by Byron Connolly

Firms failing to cut out paper payments

Aug 27, 2015
Risk Management

Many Australian organisations have failed to make the switch to card and digital payments despite them being touted as cheaper than traditional paper-based ordering processes.

Almost half of the 150 medium and large organisations responding to Deloitte research on B2B payment trends said they were not using available solutions. All respondents were still using paper processes to support cheque payments.

Card-based processes for invoicing cost $20 on average compared to $73 using a traditional purchase.

Richard Miller, payments director at Deloitte, said card and digital account payments are 70 per cent more cost-effective than traditional purchase order processes.

This is particularly true when downstream benefits such as better data for analytics and reporting, improved cash flow, and reduced manual work through process automation are considered, he said.

“Businesses and government organisations are increasingly looking to such digital solutions to improve productivity and reduce the time between invoicing and receiving payment,” Miller said.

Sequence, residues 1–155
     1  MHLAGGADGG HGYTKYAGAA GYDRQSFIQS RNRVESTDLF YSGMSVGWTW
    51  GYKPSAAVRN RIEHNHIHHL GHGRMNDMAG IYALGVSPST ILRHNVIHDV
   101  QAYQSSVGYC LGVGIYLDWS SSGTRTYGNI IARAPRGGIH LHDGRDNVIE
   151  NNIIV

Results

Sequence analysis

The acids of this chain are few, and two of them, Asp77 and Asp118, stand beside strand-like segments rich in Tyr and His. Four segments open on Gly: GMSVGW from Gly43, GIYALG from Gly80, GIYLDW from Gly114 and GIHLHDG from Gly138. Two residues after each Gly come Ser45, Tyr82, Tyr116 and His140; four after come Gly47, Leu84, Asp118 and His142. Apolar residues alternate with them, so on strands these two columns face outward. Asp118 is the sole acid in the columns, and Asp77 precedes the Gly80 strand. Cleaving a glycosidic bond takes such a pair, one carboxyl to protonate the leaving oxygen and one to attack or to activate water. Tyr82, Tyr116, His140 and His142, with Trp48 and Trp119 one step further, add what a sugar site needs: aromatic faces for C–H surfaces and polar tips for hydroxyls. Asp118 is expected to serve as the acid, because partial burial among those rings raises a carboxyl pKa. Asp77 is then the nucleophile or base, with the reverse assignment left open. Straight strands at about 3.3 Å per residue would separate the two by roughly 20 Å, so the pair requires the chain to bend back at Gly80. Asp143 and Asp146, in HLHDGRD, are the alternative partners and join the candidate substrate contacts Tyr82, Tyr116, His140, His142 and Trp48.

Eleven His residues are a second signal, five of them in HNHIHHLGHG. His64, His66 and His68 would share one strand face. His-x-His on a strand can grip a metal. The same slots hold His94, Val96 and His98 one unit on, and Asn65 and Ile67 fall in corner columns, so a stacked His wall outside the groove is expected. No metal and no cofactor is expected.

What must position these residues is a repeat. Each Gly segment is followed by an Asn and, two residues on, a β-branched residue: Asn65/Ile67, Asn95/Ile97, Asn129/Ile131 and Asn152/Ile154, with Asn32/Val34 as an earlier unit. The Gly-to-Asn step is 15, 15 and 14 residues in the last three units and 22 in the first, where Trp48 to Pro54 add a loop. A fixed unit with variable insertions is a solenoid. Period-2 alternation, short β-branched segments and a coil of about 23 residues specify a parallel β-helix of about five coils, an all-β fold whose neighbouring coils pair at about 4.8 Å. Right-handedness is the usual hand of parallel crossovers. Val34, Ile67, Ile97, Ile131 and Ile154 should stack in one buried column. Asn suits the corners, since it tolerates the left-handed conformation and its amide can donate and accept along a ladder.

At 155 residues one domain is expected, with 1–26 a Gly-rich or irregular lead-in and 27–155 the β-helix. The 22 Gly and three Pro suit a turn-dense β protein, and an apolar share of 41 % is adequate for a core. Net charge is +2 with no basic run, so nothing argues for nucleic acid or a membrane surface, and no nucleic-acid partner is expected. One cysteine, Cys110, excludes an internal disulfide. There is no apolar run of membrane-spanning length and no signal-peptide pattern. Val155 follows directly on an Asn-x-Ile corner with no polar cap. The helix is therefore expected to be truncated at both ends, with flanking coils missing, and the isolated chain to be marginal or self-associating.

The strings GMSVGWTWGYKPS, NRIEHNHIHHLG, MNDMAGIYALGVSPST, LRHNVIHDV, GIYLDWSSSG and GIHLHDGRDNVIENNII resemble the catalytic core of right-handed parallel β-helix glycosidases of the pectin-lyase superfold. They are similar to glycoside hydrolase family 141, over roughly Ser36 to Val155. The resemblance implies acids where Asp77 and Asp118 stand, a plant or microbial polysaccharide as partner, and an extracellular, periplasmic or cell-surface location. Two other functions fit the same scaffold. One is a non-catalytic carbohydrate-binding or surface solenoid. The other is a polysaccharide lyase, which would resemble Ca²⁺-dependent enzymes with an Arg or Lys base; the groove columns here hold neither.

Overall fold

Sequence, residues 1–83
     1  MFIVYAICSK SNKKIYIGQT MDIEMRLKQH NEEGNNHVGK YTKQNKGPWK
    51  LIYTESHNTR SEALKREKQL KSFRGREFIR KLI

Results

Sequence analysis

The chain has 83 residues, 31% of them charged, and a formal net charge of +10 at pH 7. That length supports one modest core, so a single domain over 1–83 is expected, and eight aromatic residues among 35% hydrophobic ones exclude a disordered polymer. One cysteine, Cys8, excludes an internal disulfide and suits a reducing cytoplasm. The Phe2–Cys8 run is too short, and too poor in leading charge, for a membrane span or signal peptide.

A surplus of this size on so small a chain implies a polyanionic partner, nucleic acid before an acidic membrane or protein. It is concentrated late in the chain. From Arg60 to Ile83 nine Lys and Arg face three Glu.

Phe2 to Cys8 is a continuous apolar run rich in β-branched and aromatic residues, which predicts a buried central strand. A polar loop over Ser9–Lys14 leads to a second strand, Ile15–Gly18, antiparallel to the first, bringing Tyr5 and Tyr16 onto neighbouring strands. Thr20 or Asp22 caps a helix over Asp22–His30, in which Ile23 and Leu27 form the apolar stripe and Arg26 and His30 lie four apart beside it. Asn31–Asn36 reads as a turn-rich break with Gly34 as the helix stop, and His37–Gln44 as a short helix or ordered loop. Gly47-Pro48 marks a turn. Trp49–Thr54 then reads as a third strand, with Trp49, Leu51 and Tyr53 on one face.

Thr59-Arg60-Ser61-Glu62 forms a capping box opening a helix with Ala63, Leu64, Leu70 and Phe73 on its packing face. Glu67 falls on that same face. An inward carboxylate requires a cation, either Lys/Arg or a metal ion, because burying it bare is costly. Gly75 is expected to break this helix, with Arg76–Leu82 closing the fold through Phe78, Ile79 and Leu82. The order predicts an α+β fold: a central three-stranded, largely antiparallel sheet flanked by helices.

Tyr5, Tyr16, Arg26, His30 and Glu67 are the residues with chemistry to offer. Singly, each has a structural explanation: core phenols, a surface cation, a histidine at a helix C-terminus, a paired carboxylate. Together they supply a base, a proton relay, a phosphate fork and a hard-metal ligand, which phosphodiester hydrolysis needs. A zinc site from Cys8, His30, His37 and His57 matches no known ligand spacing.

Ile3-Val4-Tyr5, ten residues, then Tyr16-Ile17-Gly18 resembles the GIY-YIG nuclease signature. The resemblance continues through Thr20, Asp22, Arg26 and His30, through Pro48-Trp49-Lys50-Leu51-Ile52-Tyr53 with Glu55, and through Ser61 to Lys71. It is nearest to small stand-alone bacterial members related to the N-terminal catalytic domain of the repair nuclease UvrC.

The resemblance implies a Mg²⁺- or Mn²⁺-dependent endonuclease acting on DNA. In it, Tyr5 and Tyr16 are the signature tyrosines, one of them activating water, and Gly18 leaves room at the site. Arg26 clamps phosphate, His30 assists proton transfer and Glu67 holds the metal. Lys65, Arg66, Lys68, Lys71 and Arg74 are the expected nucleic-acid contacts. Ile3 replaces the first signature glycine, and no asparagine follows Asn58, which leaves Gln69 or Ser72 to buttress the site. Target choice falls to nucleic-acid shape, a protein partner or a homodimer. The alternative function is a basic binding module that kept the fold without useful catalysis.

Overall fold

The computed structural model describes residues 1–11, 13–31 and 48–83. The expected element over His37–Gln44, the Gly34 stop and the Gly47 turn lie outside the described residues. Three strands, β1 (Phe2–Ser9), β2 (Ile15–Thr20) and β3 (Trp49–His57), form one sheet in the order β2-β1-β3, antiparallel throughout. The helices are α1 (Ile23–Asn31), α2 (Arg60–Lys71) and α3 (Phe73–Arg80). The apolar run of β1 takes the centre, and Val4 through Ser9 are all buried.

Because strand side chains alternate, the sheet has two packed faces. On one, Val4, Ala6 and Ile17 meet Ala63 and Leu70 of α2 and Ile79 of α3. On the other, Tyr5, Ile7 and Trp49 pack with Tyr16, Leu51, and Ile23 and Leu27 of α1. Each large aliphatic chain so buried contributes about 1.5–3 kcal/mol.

“Eighty two per cent of survey respondents reported that cards were faster and a very efficient way to streamline the overall procure-to-pay workflows, increasing the average speed of cards over traditional processes by 1.4 times.”

Meanwhile, users are shifting away from thinking of cards just as a tool for managing employee expenses, to realising the potential of digital payment and reporting solutions.

61 per cent of suppliers reported less effort in chasing payments, 60 per cent claim better customer relationships, and 51 per cent post improved reconciliation.

“These virtual accounts and payment platforms mean that a traditional card account can be used for a greater range of B2B payments,” said Miller.

“As a result of digitisation opening up more opportunities, spending on card-based B2B payments has grown significantly since 2011 – up 42 per cent in Australia and 66 per cent in New Zealand.”

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